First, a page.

|Title||GT Observations of Active Cool Stars: Alpha CrB|
|Author||Dr Albert Brinkman|
|Description||GT-Alpha CrB is a binary system consisting of an X-ray dark A star and an X-ray luminous main-sequence mid-G star. Every 17.4 days, the A star eclipses the G star completely. The eclipse is ideal to infer the distribution of X-ray emitting plasma and to infer extent and structure of an active G-star corona. The proposed observation covers one full G star eclipse. The eclipse timing will be combined with previous ROSAT and, if approved, future XMM observations to measure the general relativistic apsidal motion of the system. To avoid optical contamination, the EPICs will use the thick filter. One MOS and the pn use TIMING mode. This is a phase-critical observation. EPIC is the prime instrument.|
|Publication||No observations found associated with the current proposal|
|Instrument||EMOS1, EMOS2, EPN, OM, RGS1, RGS2|
|Mission Description||The European Space Agency's (ESA) X-ray Multi-Mirror Mission (XMM-Newton) was launched by an Ariane 504 on December 10th 1999. XMM-Newton is ESA's second cornerstone of the Horizon 2000 Science Programme. It carries 3 high throughput X-ray telescopes with an unprecedented effective area, and an optical monitor, the first flown on a X-ray observatory. The large collecting area and ability to make long uninterrupted exposures provide highly sensitive observations.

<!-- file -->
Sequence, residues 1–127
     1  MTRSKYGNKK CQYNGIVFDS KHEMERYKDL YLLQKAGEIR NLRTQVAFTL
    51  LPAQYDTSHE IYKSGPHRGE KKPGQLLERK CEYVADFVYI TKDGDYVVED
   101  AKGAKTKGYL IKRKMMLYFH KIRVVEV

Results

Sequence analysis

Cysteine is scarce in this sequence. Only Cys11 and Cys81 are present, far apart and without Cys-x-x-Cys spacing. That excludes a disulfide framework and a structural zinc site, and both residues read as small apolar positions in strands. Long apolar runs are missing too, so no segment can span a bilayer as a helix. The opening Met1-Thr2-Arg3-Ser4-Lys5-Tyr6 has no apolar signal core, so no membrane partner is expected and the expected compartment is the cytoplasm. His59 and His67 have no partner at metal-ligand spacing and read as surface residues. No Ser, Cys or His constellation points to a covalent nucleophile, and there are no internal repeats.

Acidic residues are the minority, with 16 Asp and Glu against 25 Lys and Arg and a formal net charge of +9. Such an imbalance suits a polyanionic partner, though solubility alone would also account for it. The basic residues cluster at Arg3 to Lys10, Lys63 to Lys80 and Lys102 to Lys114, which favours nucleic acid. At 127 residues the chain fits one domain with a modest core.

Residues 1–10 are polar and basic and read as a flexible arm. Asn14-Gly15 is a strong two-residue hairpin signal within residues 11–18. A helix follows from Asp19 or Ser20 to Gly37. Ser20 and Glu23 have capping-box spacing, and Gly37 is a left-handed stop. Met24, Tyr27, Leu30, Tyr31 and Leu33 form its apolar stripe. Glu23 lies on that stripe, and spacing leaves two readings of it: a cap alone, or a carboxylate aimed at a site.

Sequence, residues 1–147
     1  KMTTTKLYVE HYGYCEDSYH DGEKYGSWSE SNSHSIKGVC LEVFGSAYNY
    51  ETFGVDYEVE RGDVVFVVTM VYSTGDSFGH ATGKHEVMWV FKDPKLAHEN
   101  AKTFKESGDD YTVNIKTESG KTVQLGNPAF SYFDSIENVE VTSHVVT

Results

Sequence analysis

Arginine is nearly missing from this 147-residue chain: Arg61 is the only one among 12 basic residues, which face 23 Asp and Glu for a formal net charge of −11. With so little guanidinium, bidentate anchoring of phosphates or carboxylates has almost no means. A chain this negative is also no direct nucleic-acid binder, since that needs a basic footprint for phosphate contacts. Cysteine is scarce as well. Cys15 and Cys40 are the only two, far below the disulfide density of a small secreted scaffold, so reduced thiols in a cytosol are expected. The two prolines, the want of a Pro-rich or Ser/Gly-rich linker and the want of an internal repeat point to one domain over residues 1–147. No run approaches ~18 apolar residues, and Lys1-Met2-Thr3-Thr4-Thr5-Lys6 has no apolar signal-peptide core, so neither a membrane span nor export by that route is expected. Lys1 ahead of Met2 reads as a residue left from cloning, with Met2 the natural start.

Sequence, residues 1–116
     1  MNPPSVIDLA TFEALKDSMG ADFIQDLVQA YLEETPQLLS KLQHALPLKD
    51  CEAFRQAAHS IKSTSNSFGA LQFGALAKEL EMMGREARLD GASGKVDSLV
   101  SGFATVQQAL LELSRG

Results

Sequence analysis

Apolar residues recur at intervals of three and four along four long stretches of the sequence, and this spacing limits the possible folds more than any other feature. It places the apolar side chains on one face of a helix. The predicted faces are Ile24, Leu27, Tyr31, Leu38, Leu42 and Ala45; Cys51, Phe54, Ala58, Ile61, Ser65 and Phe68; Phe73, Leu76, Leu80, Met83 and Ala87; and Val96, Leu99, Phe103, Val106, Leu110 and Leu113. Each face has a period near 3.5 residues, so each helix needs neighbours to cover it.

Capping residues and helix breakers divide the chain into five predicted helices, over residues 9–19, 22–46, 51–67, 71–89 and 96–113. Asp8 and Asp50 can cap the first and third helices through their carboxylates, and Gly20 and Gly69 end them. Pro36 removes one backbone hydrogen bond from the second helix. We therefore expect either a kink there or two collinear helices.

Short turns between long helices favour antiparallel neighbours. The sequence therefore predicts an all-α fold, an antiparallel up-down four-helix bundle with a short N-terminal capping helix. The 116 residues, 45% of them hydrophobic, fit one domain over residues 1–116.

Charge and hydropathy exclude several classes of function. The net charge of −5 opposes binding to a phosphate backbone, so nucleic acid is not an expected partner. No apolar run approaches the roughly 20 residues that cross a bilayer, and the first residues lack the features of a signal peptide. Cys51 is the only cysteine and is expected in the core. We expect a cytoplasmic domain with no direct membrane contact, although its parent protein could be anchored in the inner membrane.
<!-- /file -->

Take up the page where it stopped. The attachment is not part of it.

Since Earth's atmosphere blocks out all X-rays, only a telescope in space can detect and study celestial X-ray sources. The XMM-Newton mission is helping scientists to solve a number of cosmic mysteries, ranging from the enigmatic black holes to the origins of the Universe itself. Observing time on XMM-Newton is being made available to the scientific community, applying for observational periods on a competitive basis.
|Publisher And Registrant||European Space Agency|
|Credit Guidelines||European Space Agency, 2015-07-04T22:00:00Z, 011154, 17.56_20190403_1200. https://doi.org/10.5270/esa-07e8e7g|